Get ready for the new trust reporting rules
The federal government announced proposed new trust reporting rules in the 2018 Federal Budget to improve the collection of beneficial ownership information with respect to trusts. The rules were introduced to effectively counter aggressive tax avoidance as well as tax evasion, money laundering, and other criminal activities relating to trusts. The new trust reporting rules will apply to tax years ending on and after December 31, 2021.
Review of current rules
Currently, the CRA’s administrative position is that a trust needs to file a T3 return if income from the trust property is subject to tax, or in the tax year, the trust:
- Is requested to file;
- Is resident in Canada and has either disposed of, or is deemed to have disposed of, a capital property or has a taxable capital gain (for example, a principal residence, or shares);
- Is a non-resident throughout the year and has disposed of taxable Canadian property;
- Is a deemed resident trust;
- Holds property that is subject to the reversionary trust rule in the Income Tax Act;
- Has provided a benefit of more than $100 to a beneficiary for upkeep, maintenance, or taxes for property maintained for the beneficiary’s use;
- Receives from the trust property any income, gain, or profit that is allocated to one or more beneficiaries, and the trust has:
- total income from all sources of more than $500
- income of more than $100 allocated to any single beneficiary
- made a distribution of capital to one or more beneficiaries
- allocated any portion of the income to a non-resident beneficiary
New filing requirement and exemptions
For taxation years ending on or after December 31, 2021, Budget 2018 proposes that all Canadian resident trusts and deemed non-resident trusts must file a T3 return and provide the additional information on an annual basis, with some exemptions. Because of this new filing requirement, certain trusts currently not required to file a T3 return will have to file for 2021 and subsequent years.
Budget 2018 specifies that the following types of trusts are not required to provide additional information under the new reporting rules:
- A trust that has been in existence for less than three months;
- A trust that only holds the following assets with a total fair market value that does not exceed $50,000 throughout the year:
- government debt obligations;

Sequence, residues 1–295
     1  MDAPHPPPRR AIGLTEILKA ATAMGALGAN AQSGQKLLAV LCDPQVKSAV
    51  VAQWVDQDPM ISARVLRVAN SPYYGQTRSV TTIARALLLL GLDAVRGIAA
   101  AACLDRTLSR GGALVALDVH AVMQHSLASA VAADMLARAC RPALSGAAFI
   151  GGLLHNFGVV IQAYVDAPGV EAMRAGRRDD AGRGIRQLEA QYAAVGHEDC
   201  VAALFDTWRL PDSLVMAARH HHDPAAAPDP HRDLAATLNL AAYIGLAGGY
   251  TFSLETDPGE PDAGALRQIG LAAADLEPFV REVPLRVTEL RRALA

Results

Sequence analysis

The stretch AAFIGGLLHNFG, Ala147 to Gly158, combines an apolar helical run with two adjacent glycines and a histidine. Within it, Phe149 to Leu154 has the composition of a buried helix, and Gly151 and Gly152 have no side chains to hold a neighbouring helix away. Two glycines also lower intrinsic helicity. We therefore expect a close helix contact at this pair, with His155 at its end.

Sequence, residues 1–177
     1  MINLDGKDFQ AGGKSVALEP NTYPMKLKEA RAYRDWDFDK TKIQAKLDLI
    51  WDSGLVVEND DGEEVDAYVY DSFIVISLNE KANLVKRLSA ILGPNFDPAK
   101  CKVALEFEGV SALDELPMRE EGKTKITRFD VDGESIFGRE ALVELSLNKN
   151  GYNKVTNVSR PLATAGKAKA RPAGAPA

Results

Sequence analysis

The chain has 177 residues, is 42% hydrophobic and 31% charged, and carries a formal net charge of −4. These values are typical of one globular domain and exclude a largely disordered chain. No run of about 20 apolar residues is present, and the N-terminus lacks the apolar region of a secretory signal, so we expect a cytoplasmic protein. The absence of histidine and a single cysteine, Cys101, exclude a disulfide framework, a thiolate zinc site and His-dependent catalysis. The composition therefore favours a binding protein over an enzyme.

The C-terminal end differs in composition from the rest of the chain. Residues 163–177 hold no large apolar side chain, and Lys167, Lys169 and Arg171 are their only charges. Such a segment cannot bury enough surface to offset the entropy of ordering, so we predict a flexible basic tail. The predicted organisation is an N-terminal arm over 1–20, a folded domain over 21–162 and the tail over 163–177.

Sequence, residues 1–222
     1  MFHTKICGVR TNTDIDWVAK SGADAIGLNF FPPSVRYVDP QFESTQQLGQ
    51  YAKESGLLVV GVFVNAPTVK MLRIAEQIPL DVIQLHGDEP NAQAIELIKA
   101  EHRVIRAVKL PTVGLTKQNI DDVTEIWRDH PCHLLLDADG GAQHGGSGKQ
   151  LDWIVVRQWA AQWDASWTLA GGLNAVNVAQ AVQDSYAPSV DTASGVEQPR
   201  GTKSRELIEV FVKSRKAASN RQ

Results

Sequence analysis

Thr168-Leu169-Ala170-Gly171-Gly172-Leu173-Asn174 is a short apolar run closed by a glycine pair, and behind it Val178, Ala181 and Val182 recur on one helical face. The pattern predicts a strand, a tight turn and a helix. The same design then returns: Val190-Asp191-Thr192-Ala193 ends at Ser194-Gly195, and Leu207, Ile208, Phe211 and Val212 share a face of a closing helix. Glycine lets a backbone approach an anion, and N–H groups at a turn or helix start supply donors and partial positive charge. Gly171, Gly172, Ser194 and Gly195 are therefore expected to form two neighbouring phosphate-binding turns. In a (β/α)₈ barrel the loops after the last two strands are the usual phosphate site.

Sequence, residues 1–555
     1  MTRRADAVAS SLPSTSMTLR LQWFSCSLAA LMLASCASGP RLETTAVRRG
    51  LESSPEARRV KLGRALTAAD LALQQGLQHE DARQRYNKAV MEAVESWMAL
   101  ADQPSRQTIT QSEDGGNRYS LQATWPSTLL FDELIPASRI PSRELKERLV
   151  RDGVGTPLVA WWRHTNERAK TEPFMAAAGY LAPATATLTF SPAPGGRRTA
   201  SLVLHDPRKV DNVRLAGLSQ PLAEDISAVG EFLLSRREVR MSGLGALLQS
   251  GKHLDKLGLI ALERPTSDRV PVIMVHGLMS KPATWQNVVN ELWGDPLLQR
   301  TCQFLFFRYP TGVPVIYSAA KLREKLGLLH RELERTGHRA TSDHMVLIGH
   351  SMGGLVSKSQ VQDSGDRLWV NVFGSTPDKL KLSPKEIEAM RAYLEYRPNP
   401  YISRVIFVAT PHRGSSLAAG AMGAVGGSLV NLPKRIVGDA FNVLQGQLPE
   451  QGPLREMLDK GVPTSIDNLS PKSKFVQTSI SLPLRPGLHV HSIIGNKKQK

- a share, debt or right listed on a designated stock exchange;
- a share of a mutual fund corporation;
- a unit of a mutual fund trust; or
- an interest in a related segregated fund;
- A graduated rate estate;
- A qualified disability trust;
- A trust that qualifies as a non-profit organization or a registered charity;
- A trust that falls into any of the following categories:
- lawyers’ general trust accounts;
- mutual fund trusts, segregated funds, and master trusts;
- trusts governed by registered plans;
- employee life and health trusts.
- government funded trusts; or
- cemetery care trusts and trusts governed by eligible funeral arrangements.
Enhanced reporting requirements
If a trust is not included in the above list of exemptions, it will have to provide the following information with respect to its trustees, beneficiaries, settlor, and each person who has the ability (through the terms of the trust or a related agreement) to exert control or override trustee decisions over the allocation of income or capital of the trust (e.g., a protector):
- Date of birth
- Jurisdiction of residence
- Taxpayer identification number (e.g., SIN, business number, trust account number, or a taxpayer identification number used in a foreign jurisdiction)
The new reporting requirements will require disclosure of all possible beneficiaries, including contingent beneficiaries of a trust. Contingent beneficiaries are persons that could be beneficiaries if a certain event occurs. For example, a taxpayer names his spouse as the beneficiary of his estate and includes a clause in the will that names the taxpayer’s daughter as a beneficiary if the spouse is deceased. In this case, the daughter would have to be reported as a beneficiary even though she might not benefit from anything if the spouse is still living.
A trust will have to file a new schedule with its T3 return to report the additional information regarding its beneficial owners. Even if the trust has no income to report, it will still have to file a T3 return to report the additional information. The new schedule cannot be filed separately from the T3 return.
New penalties for a failure to file a T3 return were introduced in Budget 2018. The current penalty is equalled to $25 per day, with a minimum penalty of $100 and a maximum of $2,500. An additional penalty will now be applied if a failure to file the T3 return was made knowingly or due to gross negligence, equal to 5% of the maximum fair market value of property held during the year by the trust, with a minimum penalty of $2,500.
With the enhanced reporting requirements becoming effective December 31, 2021, trustees may want to act early to ensure a smooth transition and minimize the impact of the new rules. The trust documents should be reviewed in detail to identify all parties affected by the new reporting requirements. Communications with the relevant parties regarding the new reporting rules and the required information should start earlier in the process.
If you have any questions or need further information, please feel free to reach out to our Canadian Tax team.